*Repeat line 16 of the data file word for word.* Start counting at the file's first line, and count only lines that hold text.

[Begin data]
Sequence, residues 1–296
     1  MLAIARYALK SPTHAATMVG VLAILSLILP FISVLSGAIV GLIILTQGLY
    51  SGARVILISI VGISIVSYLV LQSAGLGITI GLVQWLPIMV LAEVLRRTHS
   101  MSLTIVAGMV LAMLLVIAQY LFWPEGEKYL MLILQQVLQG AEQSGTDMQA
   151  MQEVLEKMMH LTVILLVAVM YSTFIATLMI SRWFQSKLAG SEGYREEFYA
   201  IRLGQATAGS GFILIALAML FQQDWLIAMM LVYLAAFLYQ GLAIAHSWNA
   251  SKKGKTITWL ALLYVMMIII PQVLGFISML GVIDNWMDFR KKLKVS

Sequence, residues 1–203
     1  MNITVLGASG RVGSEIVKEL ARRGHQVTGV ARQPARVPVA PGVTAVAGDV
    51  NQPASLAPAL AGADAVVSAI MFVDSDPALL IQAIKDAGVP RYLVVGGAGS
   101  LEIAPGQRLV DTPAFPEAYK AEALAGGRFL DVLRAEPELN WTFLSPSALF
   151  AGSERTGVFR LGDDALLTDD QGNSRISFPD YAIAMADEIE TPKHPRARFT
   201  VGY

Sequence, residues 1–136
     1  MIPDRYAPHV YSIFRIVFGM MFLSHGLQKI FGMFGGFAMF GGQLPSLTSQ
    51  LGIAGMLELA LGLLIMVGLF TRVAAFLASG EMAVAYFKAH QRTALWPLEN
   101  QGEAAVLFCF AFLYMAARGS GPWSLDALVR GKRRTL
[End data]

    51  LGIAGMLELA LGLLIMVGLF TRVAAFLASG EMAVAYFKAH QRTALWPLEN